Senator Elliott is an excellent representative and a great progressive, but there are reasons to question her ability to win this district, and we all know why-race and ideology. The second was President Obama’s best district in Arkansas, but he still lost it by nine points. There is of course deep seated racism and reluctance to vote for African American candidates in some segments of Arkansas, even among so called Democrats, and the Republicans have a top tier recruit in Tim Griffin. Then you have to factor in sourness towards Obama and national Democrats found heavily in Arkansas, a product of both the President’s indifference to connecting to voters here and of our Democratic establishment refusal to respect voters by talking to them like adults and their cowardly refusal to stand up to the teabaggers and the rest of the rabid right. It’s all plenty of reason to give any of us pause when considering such a promising progressive as Elliott.
In the end Blue Arkansas endorsed her and fought hard for her. She won the first round of the 5-way primary, beating her closest opponent, arch conservative House Speaker Robbie Wills 39.6- 27.9%. Blue America endorsed her immediately, started raising funds for her and had her over to Crooks & Liars for a live session. Wills' campaign was basically to have his surrogates repeat over and over that an African-American could not win in November and that if she were nominated she would be beaten by the execrable Tim Griffin. The scare tactic didn't work and last Tuesday Joyce triumphed decisively, 53.8- 46.2%, over Wills.
If Joyce wins in November she'll be the first Africa American to win a federal election in Arkansas since the Union troops were withdrawn from the state after the Reconstruction period that followed the Civil War. She'll be facing Karl Rove protégé Tim Griffin, the disgraced ex-U.S. Attorney. Please consider contributing what you can towards her campaign.
Blue America's success with Joyce had a great deal to do with the spectacular GOTV operation in Pulaski County by the unions. Unfortunately many of the voters who they got out to vote were listening to Obama and Clinton who had urged them to vote for Blanche. But they voted for Joyce as well. And that success didn't change my opinion one bit that the unions and other Halter backers did the right thing for them-- showing conservative and corrupt corporate Democrats that there is accountability and a price to pay for their perfidy. I bet Ben Nelson got a very clear message from the horrific-- and expensive-- primary and run-off Blanche had to fight. Right after the votes rolled in AFL-CIO activist Amy Dean posted a worthwhile piece at Daily Kos Why Taking on Blanche Lincoln Was the Right Call + Building a Real Progressive Agenda.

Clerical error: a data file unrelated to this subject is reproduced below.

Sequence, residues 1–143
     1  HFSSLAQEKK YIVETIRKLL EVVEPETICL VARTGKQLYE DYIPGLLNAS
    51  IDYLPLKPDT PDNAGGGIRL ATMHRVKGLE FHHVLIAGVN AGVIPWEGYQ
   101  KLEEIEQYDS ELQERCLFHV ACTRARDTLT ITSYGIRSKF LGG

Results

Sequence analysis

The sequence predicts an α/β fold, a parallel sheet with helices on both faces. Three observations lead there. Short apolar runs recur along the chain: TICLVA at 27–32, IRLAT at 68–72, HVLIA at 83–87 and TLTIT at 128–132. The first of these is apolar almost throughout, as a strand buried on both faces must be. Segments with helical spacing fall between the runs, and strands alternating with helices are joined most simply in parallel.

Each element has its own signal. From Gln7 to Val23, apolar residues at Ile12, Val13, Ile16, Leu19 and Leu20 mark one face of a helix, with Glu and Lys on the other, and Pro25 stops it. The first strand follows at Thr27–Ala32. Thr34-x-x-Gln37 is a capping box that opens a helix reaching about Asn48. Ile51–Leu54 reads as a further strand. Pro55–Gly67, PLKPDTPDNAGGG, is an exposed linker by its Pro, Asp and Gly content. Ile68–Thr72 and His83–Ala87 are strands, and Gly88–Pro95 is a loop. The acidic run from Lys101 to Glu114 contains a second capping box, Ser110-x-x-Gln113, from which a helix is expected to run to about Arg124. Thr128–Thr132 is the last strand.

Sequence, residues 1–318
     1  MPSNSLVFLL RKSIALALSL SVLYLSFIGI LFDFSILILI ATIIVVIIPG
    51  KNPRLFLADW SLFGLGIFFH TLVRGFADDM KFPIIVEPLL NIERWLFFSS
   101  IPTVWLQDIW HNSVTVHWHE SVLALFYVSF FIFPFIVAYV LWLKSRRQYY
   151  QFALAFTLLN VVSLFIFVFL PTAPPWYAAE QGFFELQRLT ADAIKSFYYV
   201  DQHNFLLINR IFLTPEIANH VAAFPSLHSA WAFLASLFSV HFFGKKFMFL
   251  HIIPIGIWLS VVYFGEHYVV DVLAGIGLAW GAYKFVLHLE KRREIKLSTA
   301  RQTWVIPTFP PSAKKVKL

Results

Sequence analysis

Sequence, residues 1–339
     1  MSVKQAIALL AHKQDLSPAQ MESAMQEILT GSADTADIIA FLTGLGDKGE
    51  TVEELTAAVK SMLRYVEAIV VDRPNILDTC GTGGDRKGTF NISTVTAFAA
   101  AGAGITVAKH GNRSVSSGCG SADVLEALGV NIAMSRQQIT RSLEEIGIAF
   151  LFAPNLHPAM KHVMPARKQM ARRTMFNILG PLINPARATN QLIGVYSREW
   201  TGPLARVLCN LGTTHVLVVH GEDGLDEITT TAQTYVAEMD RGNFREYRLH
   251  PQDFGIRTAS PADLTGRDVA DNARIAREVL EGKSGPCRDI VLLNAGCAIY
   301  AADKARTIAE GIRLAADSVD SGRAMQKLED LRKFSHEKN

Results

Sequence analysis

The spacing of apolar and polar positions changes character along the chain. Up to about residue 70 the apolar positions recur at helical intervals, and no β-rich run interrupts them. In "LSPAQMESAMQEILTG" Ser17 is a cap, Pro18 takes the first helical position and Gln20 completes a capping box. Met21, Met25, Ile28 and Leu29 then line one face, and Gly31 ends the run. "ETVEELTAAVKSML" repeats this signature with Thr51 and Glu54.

Challenges within the primaries allow us to define what it means to be a real Democrat--to insist that the party truly puts the interests of working people first. That's what makes elections like Tuesday's run-off in Arkansas between Bill Halter and incumbent Senator Blanche Lincoln, the victor, so important. Labor and progressive movements got together to target Lincoln because she had opposed the Employee Free Choice Act, helped to block a robust public option in health care reform, and refused to back one of President Obama's key nominees to the National Labor Relations Board.
Conventional wisdom within the Democratic Party states that we need strong majorities in order to pass better public policies in Washington, DC. But the logic of "more" doesn't add up if those people we elect do not provide us with the votes we need. As long as our political strategies ask only that candidates have a "D" behind their names, we'll never get the type of majorities that will take hard stands to confront the power of big business and create real reform.
Going back to the Carter years in the 1970s, we had large Democratic majorities in Congress, yet we saw labor law weakened and the right to collective bargaining eroded. Under Clinton, Democratic majorities gave us NAFTA and more unfair trade. If we don't want history to repeat itself with the current administration, we cannot get wrapped up in the temporary excitement of a given electoral campaign. We need to have the memory, foresight, and strategy to craft something different. That's why we should hope that challenges within the primaries become more standard.
Doing politics differently means two things:
1) having a higher standard of accountability; and
2) judging our success in electoral contests based on a dual bottom line.